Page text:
Simplifying Your Next Yard Sale

source: YardSale
source: YardSale

This weekend, I spent most of Saturday at a yard sale with some more stuff that I’ve decluttered from my kitchen, girls’ clothes and toys. Unfortunately, the yard sale itself didn’t go nearly as well as we had expected. We got less than half the traffic we did last year, and the people who did stop seemed like more reluctant buyers. I think perhaps there is a saturation of yard sales these days as people look to earn a few extra bucks, making it harder to have a successful one. Something to keep in mind before you go to all the hard work of setting one up!

I do, however, have a few tips for organizing your  yard sale to make your job easier, and I’d love to hear your best tips in the comments as well.

1. Declutter by category.

As you’re decluttering your home, pack things up by category so that your boxes are ready to be unpacked and you know what is in each one. For example, I had bags and bags of baby clothes (it’s silly, really, how many I got rid of considering we’re having another baby in six to eight weeks, but I still think we have too many clothes!), and I tried to keep them sorted by size to make laying them out easier. If you have both genders, you’ll want to keep those separate as well. The same goes for boxes of kitchen accessories, indoor and outdoor toys, knickknacks and so on.

2. Price simply.

Rather than walking through and pricing every item on your table with a handwritten price tag, try one of these two methods:

Set up price tables. Have a $0.25 a $0.50, a $1, a $2 table, etc. and only worry about hand-pricing the larger, more expensive items.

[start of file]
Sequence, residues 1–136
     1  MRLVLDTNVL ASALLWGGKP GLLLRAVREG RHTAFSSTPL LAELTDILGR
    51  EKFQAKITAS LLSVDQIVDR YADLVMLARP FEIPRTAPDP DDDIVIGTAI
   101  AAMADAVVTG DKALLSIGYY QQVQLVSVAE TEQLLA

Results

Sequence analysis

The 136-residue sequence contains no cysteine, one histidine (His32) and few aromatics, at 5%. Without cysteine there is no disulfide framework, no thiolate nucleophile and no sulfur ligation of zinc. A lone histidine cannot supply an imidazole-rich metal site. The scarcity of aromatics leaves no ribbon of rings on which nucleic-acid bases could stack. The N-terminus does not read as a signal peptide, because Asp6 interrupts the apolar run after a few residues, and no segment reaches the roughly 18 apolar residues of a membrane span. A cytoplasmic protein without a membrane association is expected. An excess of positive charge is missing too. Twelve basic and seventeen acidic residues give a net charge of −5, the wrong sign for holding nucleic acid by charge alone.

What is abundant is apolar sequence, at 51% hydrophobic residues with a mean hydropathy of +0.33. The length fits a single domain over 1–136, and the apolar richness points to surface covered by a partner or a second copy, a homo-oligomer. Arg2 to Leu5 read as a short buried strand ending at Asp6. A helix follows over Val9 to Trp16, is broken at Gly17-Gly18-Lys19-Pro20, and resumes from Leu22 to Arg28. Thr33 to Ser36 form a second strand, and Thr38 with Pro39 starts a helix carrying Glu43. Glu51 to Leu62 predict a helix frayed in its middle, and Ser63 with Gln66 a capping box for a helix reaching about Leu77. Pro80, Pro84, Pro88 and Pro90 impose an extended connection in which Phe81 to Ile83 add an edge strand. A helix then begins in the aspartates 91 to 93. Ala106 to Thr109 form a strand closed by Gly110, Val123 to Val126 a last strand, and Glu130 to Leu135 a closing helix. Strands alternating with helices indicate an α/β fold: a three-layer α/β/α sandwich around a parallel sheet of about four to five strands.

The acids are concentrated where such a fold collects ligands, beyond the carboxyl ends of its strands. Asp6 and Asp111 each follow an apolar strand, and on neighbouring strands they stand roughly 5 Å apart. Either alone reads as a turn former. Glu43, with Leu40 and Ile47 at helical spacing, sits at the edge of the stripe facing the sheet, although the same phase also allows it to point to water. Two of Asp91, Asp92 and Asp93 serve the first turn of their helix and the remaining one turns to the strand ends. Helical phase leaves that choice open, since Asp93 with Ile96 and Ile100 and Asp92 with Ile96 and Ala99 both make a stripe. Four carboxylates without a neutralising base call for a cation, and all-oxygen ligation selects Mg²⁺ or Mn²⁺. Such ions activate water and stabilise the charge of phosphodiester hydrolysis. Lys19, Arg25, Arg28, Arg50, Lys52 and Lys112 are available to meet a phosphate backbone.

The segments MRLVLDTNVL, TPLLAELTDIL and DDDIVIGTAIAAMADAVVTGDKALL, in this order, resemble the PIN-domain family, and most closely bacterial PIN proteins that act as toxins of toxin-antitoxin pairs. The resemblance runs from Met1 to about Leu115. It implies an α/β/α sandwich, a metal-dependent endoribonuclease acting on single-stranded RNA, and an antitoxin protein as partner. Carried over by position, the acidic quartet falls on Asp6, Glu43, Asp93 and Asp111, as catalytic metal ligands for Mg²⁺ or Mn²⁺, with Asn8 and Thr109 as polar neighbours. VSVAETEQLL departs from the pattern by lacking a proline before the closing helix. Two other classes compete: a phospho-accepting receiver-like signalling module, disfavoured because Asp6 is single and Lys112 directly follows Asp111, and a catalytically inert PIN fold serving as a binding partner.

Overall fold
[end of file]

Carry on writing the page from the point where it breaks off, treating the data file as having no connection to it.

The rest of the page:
For what it’s worth, I never ever price anything below a quarter. If it’s worth less than a quarter, I put it in a FREE box. Doing it this ways means you only have to worry about having enough quarters and small bills rather than messing with more change as well.

Use color-coded stickers. If you’d rather keep things grouped by category than price, try using color-coded stickers, i.e., pink is $0.25, green is $0.50 and so on. This keeps you from having to write the price on each item and is less expensive than buying the pre-printed price stickers.

3. Print out price guides.

Whichever method you follow, print out several copies of a “price guide” that explains your system in large, bold print for shoppers. Color code your price sheet as well and post them in prominent areas where they can’t be missed.

4. Have a plan for the aftermath.

Whether you slash prices after 2pm or simply load everything into the back of your car at the end of the day to donate to charity, have a plan for everything that’s left so that you don’t end up carting it back into your home where it will just take up space for another year. Know which things you might want to try selling through consignment or on eBay and which you’re going to donate and have the date already marked on your calendar to take them so that they don’t become one more item on your to-do list that never gets done.

What tips would you add? Have you had a yard sale this year? How did you traffic/sales compare to your past experience?